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Is Your Child a Picky Eater?

Picky eating is a common complaint of parents and toddlers. Although there is no scientific definition to clinically define picky eating, many parents characterize picky eating as:
•    A child who limits the number of foods accepted
•    A child who refuses to try new foods
•    A child who avoids certain foods and/or food groups
•    A child who displays strong food preferences for food presentation and preparation.

Picky eating is a natural response for children and is to be expected. A picky eater is usually not associated with major changes in nutrient intake and rates of growth. Children know how to eat and grow. We need to trust them to do their job with eating.


What is Normal Eating?
•    Enjoying a food or meal one day but not the next
•    Eating very little or a lot during a meal or day
•    Tasting a food but not eating
•    Being exposed to a food several times without tasting

You cannot make your child eat if they do not want to. You can, however support your child as they learn to enjoy a variety of foods. Here are some helpful hints for teaching and supporting Normal Eating:

•    Maintain Ellyn Satter's Division of Responsibility in feeding. Adults provide the what, when and where of feeding; Children provide the how much

      and whether of eating.
•    Offer new and previously refused foods and let your child approach them cautiously. Encourage your child to find something they enjoy from the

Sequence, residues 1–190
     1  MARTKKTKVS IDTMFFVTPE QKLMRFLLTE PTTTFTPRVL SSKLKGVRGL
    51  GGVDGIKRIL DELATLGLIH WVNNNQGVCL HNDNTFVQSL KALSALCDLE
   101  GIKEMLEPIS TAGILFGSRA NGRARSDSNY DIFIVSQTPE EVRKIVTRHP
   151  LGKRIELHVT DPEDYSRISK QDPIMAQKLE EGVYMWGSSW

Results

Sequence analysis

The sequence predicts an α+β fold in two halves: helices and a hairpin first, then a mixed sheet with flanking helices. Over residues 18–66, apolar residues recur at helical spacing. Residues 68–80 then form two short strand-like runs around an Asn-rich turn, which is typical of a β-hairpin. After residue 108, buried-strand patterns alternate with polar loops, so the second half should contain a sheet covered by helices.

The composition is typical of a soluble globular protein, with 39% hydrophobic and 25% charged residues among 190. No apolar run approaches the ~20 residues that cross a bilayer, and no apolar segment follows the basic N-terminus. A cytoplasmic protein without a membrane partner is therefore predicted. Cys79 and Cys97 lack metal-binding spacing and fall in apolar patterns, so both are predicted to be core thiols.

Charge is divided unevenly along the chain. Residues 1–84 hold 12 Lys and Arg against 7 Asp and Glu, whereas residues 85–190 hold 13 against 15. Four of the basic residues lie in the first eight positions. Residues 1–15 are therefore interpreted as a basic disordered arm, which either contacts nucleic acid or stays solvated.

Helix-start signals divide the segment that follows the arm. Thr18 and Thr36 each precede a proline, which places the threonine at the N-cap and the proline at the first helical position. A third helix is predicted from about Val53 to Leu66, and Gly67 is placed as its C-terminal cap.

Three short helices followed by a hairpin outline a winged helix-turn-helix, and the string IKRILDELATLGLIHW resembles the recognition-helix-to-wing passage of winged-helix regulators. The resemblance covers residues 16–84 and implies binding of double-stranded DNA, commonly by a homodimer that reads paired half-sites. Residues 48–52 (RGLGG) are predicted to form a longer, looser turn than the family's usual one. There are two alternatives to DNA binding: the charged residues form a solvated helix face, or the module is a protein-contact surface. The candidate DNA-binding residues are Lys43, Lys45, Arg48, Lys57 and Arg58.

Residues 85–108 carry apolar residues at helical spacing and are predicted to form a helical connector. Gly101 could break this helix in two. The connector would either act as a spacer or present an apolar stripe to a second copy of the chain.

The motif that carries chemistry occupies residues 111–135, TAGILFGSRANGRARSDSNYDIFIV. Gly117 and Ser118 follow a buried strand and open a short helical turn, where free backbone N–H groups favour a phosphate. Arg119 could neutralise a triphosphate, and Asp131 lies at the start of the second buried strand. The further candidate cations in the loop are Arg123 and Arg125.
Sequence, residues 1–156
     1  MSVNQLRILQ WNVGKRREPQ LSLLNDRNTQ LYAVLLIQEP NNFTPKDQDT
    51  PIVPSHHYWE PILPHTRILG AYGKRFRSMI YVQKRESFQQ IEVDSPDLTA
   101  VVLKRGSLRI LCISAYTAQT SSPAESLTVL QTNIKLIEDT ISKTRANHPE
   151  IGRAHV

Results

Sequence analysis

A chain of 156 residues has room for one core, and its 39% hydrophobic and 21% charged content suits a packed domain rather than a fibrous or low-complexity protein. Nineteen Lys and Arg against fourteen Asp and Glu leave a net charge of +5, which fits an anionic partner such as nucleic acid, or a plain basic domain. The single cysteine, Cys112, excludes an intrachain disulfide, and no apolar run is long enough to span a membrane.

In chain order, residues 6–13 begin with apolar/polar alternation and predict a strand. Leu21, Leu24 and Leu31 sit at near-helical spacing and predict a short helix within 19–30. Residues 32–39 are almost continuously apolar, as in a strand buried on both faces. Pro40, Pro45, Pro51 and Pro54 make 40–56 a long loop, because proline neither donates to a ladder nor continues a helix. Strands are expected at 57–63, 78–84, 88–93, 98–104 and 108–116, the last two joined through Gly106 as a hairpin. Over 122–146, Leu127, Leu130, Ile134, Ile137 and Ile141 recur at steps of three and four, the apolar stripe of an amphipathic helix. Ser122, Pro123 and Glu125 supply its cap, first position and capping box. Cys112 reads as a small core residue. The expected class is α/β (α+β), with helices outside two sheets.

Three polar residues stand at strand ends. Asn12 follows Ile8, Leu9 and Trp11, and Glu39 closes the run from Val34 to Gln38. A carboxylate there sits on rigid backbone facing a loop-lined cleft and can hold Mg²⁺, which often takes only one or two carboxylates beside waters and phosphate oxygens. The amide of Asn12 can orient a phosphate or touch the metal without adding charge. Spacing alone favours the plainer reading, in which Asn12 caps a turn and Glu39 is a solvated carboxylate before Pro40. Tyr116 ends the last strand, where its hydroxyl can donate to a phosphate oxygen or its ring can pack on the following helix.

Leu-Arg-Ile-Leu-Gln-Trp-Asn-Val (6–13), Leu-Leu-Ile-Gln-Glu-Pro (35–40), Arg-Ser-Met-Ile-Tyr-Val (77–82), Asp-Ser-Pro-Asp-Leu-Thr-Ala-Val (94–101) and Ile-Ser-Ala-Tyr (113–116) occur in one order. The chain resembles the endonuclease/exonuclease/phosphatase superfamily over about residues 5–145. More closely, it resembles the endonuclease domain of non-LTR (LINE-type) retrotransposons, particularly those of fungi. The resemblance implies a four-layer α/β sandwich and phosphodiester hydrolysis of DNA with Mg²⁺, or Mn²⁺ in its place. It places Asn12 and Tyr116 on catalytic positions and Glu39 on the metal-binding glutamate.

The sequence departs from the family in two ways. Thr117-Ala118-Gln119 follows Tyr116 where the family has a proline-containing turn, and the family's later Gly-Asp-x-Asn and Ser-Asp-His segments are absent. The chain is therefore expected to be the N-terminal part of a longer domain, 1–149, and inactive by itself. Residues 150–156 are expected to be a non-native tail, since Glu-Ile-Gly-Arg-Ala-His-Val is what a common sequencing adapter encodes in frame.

meal offered but do not force them to eat. Forcing a child to accept and eat a new food often results in more resistance. Repeated exposure to a

      particular food is important. Studies consistently suggest that up to 10-15 exposures may be necessary before a specific food is accepted.
•    Don't short-order cook. Encourage family meals and prepare foods that your family enjoys. Pair liked and familiar foods with unfamiliar and less-

     liked foods. Allow your child to determine when he/she has had enough to eat. Be realistic about the variable amounts that children eat.
•    Create a feeding environment that is calm and pleasant. Sit down and eat with your child. Turn off the TV and engage him/her in conversation.

•    Maintain structured meals and snacks. Young children should be offered a meal or snack every 2-4 hours. Limit between-meal and snack-time food

     and beverages except for water. Structured meals and snacks will allow a child to arrive at a meal or snack ready to eat.
•    Encourage food exploration. Children learn through touching, smelling, seeing and even playing with their food. Occasionally, plan creative and fun

      meals and snacks. Use food as a decoration, make fun shapes using cookie cutters and name your food using fun names. For many children, food

      exploration allows a child to determine if a food is safe to taste and eventually eat.
•    Allow your child to participate in the preparation of meals and snacks. Children enjoying helping and eat better if they feel involved in the process.

Additional Resources:
•    For additional information on
Ellyn Satter's Division of Responsibility visit
•    Secrets of Feeding a Healthy Family: Orchestrating & Enjoying the Family Meal by Ellyn Satter (available April, 2008). This book is an excellent

     resource for getting the family meal on the table

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